Bistone Municipal Water District

Drinking Water State Revolving Fund (DWSRF) Surface Water Treatment Plant Improvements
Mexia, Texas

The Bistone Municipal Water Supply District (Bistone) owns and operates two water treatment plants that treat both surface and groundwater. Bistone attained a Drinking Water State Revolving Fund (DWSRF) loan and used those monies to complete several improvements at the surface water treatment plant located on Lake Mexia. All surface water treatment facilities must adhere to a specific set of rules according to their size and functionality. The Bistone facility must comply with the Long Term 2 Enhanced (LT2) surface water treatment rule, which requires public water systems to test their water sources for specific contaminates. When Lake Mexia was tested, contaminates were found. Bistone proactively chose to install an ultraviolet light treatment to inactivate the contaminate, and make the treated water safe to drink.

KSA’s civil engineering team was engaged to design the recommended improvements. During design, the project team had to bear in mind the importance of proper project sequencing during construction. At certain points during construction, particularly during the start-up of the ultraviolet reactors, the plant was producing non-potable water, not suitable for consumption. Because of this, the project team worked with Bistone to obtain a discharge permit and develop a standard operating procedure that would allow water to be discarded whenever necessary. Because Bistone has two treatment facilities, this one was able to be taken offline as needed during construction, allowing the other to provide continued service to Bristone’s retail and wholesale customers.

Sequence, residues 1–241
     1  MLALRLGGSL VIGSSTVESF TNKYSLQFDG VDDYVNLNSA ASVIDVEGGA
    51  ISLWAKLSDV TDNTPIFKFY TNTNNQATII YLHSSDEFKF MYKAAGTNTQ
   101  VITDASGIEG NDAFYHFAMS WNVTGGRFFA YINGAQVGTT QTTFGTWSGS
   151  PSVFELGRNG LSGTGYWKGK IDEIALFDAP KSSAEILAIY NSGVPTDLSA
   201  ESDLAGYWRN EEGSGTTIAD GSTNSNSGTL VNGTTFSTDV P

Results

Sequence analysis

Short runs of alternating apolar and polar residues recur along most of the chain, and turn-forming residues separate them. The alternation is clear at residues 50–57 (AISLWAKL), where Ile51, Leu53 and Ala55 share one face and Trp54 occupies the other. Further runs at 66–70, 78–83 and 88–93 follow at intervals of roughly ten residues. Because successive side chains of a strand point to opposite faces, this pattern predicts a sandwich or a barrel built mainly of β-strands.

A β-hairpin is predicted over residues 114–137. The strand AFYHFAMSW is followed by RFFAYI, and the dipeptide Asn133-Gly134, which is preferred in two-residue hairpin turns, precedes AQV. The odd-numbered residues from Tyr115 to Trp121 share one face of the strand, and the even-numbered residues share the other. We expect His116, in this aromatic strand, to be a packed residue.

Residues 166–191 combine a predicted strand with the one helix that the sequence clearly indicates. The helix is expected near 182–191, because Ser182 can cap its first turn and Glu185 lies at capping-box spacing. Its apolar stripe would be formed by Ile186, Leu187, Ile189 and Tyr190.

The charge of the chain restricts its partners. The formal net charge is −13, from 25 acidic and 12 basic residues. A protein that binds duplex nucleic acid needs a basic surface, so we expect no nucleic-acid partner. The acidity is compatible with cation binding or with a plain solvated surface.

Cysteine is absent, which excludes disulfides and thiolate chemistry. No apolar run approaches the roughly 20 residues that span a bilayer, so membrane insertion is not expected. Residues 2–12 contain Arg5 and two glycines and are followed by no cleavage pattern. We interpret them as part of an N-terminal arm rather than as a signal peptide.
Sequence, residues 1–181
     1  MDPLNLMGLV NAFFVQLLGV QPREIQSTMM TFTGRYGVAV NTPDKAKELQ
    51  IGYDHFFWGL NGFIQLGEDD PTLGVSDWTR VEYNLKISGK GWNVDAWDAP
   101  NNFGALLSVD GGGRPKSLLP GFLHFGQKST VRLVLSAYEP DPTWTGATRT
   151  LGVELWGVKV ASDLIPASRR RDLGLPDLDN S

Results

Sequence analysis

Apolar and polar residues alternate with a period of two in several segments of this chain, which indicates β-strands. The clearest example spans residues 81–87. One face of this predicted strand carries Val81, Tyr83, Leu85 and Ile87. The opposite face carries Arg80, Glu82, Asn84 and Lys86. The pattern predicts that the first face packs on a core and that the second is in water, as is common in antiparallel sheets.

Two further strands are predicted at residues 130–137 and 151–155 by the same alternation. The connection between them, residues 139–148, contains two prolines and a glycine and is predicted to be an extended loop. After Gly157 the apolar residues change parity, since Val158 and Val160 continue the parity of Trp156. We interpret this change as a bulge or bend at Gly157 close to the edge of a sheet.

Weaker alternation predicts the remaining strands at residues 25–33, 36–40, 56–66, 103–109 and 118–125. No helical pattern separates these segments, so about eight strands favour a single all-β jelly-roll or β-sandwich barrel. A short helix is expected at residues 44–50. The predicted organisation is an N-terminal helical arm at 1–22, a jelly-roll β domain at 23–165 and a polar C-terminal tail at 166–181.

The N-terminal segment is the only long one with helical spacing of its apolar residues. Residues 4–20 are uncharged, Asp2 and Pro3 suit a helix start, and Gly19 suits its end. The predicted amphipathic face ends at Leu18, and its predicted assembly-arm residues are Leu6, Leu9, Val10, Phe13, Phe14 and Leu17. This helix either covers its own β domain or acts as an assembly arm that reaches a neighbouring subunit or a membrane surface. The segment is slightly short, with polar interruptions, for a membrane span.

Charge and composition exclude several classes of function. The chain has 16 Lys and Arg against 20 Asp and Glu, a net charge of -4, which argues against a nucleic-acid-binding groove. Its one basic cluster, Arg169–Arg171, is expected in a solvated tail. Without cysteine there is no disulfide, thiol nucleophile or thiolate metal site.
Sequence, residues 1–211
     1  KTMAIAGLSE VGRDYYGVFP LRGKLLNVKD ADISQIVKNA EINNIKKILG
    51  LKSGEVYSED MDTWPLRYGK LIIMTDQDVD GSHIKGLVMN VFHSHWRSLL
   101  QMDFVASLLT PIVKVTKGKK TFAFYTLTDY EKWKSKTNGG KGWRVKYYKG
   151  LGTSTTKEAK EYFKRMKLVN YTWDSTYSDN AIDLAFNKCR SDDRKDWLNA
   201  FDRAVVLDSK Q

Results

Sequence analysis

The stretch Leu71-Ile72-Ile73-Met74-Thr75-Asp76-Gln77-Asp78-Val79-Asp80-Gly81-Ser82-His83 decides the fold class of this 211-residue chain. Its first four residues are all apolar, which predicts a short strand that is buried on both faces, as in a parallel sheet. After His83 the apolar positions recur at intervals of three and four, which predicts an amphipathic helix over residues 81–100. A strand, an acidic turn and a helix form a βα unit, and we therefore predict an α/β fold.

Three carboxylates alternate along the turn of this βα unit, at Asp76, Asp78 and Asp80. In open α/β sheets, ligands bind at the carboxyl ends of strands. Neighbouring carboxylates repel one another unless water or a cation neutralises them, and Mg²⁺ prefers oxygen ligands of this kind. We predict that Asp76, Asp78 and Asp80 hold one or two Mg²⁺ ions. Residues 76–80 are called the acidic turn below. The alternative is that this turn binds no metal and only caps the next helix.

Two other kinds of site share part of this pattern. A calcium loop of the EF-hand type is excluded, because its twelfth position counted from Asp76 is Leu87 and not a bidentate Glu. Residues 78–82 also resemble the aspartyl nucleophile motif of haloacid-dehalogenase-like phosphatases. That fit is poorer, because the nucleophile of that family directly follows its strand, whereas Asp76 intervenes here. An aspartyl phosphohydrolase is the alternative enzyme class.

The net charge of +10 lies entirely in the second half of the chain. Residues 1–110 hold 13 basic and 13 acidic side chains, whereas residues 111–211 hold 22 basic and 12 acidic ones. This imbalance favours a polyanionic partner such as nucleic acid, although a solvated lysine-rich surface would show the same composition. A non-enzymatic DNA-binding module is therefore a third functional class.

The flow of water in a surface water treatment plant can have a significant impact on the quality of the treated water. In the Bistone plant, raw lake water was pumped into its head and flowed by gravity through each treatment process. Due to this set-up, the piping was buried well below ground, which negatively affected the ultraviolet reactors that were controlled by the sub grade flow lines. To remedy this, the design team constructed a new building with a basement approximately eight feet below ground. The ultraviolet reactors were installed in the new structure and performed as intended.

KSA maintains a great working relationship with Bistone and serves as an extension of their staff. We are committed to helping them provide a safe and dependable supply of drinking water at all times and have done so for several years.

Services Provided
Civil Engineering
Construction Administration

Bistone Municipal Water Supply District

Brent Locke, General Manager
Bistone Municipal Water Supply District

Start: Dec 2012
End: March 2015 

Cost: $2.3M
Start: Sept 2015
End: Aug 2016 

2.0 MGD (Millions of gallons per day)